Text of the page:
Donnie Nietes is searching for an excellent career finish…and salvation
The road to stardom for fighters in the sub-bantamweight divisions is exceptionally difficult in boxing. Even with a world title around their waist, boxers often find it challenging to get meaningful fights, as the vast majority of the sport’s money follows their larger counterparts.
For the greater part of his 15 years in the paid ranks, Donnie Nietes was the victim of his own size. Despite being an ultra-talented pugilist who won world titles in the strawweight, junior flyweight and flyweight divisions, the Filipino boxer never got the opportunity to step out of his comfort zone and challenge a fellow beltholder in a unification fight.
Despite his lack of fortune, however, Nietes was stubborn enough to choose another path on which to stand out. He partnered up with longevity that has helped him remain unbeaten in 33 straight bouts following the lone setback in his career, a controversial get-go back in 2004 against a horribly overweight Angky Angkotta. More importantly 17 of those fights were world title encounters.
However thanks to the foundation of “SuperFly,” a series of events filled with the most talented fighters and the most mouthwatering match-ups in the 115-pound division and under, Nietes, who had 40 of his first 46 professional bouts in Asia, is now preparing for his second straight match-up in the U.S.A. What makes it more lucrative, on September 8, he will also have his second straight appearance on HBO, a well-respected network with an average viewership on boxing programs well over a half-million.
On the upcoming show that will take place at the historic Forum in Inglewood, California, Nietes, 41-1-4 (23), is heading north once more, as he is challenging for his fourth world title in as many weight divisions, against little known Aston Palicte. Up for grabs will be the vacant WBO belt left behind by one of boxing’s brightest young stars, Japanese sensation Naoya Inoue, who moved up in weight.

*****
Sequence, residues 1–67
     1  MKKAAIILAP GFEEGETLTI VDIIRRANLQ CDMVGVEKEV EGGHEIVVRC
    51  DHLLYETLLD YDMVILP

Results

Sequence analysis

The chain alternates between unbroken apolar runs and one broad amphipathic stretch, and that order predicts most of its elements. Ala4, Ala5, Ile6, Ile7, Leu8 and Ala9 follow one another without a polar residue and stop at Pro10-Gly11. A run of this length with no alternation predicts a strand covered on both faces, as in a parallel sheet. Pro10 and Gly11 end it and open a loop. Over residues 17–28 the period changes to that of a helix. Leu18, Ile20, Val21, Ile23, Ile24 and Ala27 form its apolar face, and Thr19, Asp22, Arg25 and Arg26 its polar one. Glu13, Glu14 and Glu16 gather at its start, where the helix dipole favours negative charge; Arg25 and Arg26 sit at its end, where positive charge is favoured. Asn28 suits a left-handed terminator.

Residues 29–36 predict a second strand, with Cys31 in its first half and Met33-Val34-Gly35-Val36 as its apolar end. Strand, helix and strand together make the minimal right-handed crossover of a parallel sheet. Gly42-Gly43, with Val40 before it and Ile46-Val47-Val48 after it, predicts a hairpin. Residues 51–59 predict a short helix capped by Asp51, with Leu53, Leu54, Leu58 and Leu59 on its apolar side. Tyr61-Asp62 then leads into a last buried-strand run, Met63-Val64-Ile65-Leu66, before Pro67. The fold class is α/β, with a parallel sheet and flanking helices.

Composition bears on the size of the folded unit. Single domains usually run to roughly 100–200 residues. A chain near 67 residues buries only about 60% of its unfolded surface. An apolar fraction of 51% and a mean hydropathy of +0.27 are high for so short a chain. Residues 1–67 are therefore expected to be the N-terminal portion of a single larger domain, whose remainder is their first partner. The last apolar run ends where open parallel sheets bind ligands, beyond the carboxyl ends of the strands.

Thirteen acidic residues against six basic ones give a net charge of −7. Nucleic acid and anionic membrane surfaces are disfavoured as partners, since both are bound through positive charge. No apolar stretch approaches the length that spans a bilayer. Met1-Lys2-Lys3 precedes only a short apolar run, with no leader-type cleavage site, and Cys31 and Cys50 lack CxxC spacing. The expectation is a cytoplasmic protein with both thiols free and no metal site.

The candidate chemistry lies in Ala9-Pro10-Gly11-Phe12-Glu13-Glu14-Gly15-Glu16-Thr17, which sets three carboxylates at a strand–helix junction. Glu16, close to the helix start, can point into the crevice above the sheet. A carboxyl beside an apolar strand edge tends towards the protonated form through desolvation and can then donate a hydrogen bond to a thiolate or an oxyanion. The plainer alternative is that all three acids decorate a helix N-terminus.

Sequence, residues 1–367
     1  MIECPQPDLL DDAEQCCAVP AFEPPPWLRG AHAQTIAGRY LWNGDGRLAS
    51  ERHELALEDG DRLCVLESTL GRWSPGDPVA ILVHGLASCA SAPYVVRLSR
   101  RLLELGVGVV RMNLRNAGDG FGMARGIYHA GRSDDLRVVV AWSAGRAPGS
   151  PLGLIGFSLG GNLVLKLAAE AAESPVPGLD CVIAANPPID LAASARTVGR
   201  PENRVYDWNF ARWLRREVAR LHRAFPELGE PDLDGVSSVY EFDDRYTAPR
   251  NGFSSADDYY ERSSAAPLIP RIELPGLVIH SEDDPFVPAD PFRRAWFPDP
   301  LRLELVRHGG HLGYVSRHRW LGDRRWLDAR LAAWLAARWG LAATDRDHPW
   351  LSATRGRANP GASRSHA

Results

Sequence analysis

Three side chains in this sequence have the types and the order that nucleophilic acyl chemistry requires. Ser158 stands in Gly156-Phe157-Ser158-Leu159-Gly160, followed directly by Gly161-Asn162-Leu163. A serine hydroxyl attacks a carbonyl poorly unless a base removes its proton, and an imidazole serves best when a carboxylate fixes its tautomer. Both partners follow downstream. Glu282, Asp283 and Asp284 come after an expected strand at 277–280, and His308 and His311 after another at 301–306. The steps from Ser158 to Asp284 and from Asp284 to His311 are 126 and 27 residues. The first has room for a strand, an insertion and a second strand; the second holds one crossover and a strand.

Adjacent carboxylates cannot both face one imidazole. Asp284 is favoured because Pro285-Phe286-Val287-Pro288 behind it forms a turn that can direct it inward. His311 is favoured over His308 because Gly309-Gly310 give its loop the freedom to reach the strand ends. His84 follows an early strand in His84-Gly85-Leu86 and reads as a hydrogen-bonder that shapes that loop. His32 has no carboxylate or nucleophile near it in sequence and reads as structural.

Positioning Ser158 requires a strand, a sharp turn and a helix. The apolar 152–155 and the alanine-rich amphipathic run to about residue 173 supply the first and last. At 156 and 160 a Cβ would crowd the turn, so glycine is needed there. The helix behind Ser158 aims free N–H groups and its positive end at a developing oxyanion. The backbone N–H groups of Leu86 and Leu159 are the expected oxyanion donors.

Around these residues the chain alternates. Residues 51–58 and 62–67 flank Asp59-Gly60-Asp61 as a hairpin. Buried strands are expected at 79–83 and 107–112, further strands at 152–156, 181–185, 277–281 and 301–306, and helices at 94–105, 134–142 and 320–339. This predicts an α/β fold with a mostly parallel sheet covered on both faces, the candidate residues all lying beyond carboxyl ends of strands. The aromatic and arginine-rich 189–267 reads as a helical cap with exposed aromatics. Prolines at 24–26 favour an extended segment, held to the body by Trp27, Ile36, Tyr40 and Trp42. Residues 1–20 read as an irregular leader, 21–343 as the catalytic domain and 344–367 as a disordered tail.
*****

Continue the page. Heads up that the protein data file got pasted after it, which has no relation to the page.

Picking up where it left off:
After his first appearance on “SuperFly2,” last February at the very same venue, a masterpiece performance against former world titleholder Juan Carlos Reveco in the form of a seventh round knockout, Nietes and his team are planning another massive outing come Saturday night.
“We had a great preparation for this coming fight of Donnie together with his trainer, my brother Edmund. We trained here in the U.S. for two months and back to the Philippines for one month, then came back here in the U.S. for five weeks for the final training camp. It was a great camp,” Nietes’s coach Edito Villamor told UCNLive.com in a recent interview.
This time, however, hence the bigger opponents at junior bantamweight, the Filipino contingent had to implement new forces in camp.
“We prepared Donnie with sparring against bigger and taller guys like 122-pounders, so that he will be ready for 115 pounds. We also took the help of conditioning coach Nick Curson.”
In fact, Nietes, who is ranked No. 1 by the WBO in his brand-new division, has to get used to larger foes in the future, in all areas. Come Saturday’s bout, Nietes will have to fight at a four-inch height disadvantage to Palicte. The latter could also feel some edge in terms of age, as he is nine years younger than his accomplished counterpart.
“I know Aston is taller and younger than me but I know how to fight tall fighters and my experience will be a big factor in the fight,” said Nietes on a media day, at the Wild Card Boxing Club on August 29.
The advantage on Nietes’ side, in terms of experience against top opposition, could not be clearer. The 36-year-old former three-division titlist has 162 championship rounds in his resume compared to zero on behalf of Palicte. That, however, does not mean that Nietes takes his opponent lightly.